When I initially decided to transition into becoming a vegan, I don’t think I was fully aware of the magnitude of it. Having only followed a vegan diet for a little over a week now, I’m still nowhere near the point of seeing the deep impact it will have on my life and all the changes that will occur in my body and mind alike. It isn’t simply cutting out meat and dairy, it’s a whole new way of thinking, it’s a lifestyle you follow.
I went through different stages of thinking about the change to veganism. The impending move to live with a very health conscience, wise, and convincing boyfriend whom happened to be an excellent cook helped tremendously. It seemed only logical and convenient that I would adopt veganism so we could eat the same meals, have similar groceries. Why not? All I had to do was cut out meat and dairy… it seemed easy enough. I feared it seemed easy enough because perhaps I was looking at it as another somewhat short-term diet, with which I had tried eating better in the past and had never lasted too long with my easily breakable will power. This change was going to be forever and I didn’t know if I could do it anymore. Maybe I could cheat a little here and there I thought.
Then came watching a few videos that illuminated the harsh realities of the cruelty to animals all in the process of getting meat and dairy onto our plates. I felt like everything I had thought and known was completely false. I was aware of the harsh conditions that baby cows endured before becoming veal. From the youngest time I could remember, walking the grocery store aisles with my mom, I can still hear her saying, “No, not that steak, that’s veal, a baby cow that they treat badly. We don’t eat veal.” And so it had been and I hadn’t ever eaten veal and assumed veal was the “bad meat” that only insensitive jerks ate and all other meat was okay. The rest of the animals lived long, happy lives with large fields to roam with farmers who loved them and when they were very old and it was there time, they would humanely be killed with a tear in the farmer’s eye.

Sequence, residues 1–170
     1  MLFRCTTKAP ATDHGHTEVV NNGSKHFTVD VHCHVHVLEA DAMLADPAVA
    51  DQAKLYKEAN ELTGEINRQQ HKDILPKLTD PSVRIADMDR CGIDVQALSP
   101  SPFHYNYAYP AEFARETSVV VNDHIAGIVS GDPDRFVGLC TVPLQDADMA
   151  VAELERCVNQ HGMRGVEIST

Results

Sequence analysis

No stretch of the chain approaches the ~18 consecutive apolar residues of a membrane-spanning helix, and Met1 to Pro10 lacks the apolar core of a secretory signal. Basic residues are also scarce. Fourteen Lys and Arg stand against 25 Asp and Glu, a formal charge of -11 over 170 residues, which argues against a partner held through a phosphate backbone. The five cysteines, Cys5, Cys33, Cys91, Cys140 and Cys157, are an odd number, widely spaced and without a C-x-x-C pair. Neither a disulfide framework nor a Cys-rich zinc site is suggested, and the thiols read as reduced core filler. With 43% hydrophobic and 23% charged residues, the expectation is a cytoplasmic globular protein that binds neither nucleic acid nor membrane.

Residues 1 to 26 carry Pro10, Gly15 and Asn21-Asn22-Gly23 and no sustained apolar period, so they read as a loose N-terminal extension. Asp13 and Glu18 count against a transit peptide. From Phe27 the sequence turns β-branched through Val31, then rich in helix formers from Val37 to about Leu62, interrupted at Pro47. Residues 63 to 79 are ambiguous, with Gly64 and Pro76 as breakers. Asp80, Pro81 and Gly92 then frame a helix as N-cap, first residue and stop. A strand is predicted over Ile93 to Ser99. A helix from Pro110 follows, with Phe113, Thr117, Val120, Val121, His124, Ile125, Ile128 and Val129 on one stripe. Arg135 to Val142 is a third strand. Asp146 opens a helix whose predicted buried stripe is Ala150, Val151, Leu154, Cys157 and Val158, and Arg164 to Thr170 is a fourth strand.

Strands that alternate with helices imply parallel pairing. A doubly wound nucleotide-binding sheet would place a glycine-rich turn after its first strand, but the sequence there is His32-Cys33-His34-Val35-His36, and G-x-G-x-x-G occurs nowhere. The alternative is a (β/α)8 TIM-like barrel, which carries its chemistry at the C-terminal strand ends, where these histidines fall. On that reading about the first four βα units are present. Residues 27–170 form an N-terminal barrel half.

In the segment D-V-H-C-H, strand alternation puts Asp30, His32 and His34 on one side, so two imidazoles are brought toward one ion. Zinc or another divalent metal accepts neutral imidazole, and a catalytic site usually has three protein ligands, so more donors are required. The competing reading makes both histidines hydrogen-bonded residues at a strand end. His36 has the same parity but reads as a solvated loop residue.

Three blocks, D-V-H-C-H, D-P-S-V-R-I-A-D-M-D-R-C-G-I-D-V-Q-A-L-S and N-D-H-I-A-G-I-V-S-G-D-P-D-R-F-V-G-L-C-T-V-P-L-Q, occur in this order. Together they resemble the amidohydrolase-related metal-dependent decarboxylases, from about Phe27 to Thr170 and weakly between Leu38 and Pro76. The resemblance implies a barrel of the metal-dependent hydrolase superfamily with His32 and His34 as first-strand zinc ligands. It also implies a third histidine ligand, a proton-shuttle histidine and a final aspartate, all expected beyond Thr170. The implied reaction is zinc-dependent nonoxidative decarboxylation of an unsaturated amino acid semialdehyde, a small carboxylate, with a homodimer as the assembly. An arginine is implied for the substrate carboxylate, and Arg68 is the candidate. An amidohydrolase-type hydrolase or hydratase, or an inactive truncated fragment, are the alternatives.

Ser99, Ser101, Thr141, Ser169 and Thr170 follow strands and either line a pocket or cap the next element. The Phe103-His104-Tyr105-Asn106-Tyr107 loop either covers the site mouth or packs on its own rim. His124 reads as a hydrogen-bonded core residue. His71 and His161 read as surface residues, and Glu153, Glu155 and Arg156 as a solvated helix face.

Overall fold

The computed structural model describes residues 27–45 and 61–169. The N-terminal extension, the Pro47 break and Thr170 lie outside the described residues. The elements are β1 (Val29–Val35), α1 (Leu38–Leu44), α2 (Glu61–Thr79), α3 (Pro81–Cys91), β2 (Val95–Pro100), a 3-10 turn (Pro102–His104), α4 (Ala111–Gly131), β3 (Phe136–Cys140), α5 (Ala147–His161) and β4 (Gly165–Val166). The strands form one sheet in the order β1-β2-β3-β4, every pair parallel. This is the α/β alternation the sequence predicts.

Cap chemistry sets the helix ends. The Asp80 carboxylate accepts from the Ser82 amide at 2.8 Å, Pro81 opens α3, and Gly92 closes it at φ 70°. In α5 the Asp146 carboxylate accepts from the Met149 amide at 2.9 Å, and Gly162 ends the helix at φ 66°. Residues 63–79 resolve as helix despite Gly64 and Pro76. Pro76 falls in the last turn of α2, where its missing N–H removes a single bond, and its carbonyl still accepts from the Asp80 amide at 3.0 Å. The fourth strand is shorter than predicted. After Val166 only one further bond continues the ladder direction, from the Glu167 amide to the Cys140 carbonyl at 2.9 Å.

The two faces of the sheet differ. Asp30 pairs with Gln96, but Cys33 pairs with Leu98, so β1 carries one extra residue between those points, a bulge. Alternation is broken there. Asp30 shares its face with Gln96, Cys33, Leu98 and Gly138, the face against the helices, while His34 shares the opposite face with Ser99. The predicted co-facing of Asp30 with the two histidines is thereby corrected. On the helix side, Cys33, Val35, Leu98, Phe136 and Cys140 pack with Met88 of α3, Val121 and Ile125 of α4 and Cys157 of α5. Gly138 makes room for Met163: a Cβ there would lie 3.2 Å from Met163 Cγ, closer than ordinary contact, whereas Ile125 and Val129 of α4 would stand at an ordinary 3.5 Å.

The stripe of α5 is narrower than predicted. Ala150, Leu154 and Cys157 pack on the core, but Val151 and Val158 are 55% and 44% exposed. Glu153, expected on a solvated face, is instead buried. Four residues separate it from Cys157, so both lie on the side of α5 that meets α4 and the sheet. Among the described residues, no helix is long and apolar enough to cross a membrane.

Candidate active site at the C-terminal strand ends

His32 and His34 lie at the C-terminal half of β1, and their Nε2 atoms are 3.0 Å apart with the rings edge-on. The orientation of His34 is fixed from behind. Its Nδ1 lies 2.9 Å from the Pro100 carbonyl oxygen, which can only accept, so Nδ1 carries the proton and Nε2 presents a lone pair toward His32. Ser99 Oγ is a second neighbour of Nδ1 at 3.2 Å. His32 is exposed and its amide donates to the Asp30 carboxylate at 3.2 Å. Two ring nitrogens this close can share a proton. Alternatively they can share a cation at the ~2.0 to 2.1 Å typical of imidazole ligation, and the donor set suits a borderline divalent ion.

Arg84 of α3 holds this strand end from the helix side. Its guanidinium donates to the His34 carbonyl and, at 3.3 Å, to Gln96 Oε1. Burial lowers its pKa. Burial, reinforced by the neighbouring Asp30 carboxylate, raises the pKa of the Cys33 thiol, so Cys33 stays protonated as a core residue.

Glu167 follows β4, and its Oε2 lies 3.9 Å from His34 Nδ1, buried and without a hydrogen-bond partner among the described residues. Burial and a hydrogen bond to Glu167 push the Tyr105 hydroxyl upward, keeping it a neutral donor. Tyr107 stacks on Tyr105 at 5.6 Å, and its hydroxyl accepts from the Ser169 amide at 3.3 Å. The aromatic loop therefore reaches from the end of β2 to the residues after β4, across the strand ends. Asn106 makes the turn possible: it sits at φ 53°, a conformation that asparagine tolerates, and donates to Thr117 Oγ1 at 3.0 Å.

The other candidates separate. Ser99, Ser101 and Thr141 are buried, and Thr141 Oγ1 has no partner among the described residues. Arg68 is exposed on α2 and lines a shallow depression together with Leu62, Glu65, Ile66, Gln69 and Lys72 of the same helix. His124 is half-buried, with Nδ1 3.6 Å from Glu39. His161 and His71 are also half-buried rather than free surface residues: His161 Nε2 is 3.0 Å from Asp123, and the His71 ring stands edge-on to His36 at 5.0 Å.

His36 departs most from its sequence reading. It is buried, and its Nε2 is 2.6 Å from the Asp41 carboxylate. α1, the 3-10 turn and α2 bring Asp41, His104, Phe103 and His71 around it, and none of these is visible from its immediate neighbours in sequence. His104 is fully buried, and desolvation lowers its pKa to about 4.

That’s how I had pictured it all my life.
How could I possibly be so naïve? I felt like an awful human being for having any part in it. I wasn’t the one butchering, but I was the one consuming, which is ultimately the reason we all these innocent animals were being killed. Watching those helpless animals squeal and cry before getting slaughtered was indescribably heartbreaking and I couldn’t bare the thought of all these creatures dying solely for my selfish consumption. What a waste it all was. A living creature with sensitivities, feelings, some sort of thoughts, a life created, just to be destroyed a short time later. You could see the cruelty in the farmers’ eyes and how they kicked and harmed the animals, like inanimate objects, not living creatures. It was a nightmare. I didn’t want a single piece of meat to pass through my lips ever again.
The next night, my family had pork chops for dinner. I looked down at my plate and probably for the first time really thought about what I was eating. It had always just been a pork chop, perfectly normal thing to eat and tasty to most of society’s eyes, but I was about to be eating a dead pig. A creature who I had recently watched been helplessly crying and squealing while hanging by its legs before being sliced to death. There was no getting around that now. I looked at my dog who was eagerly at my side begging for table scraps, and thinking what a mind she has. She outsmarts me to get her way, has her own motives, gets jealous, feels empathy, is in tune with humans and other animals’ emotions, curious, has all these complex feeling and emotions and a different bark and sound to try to communicate everything.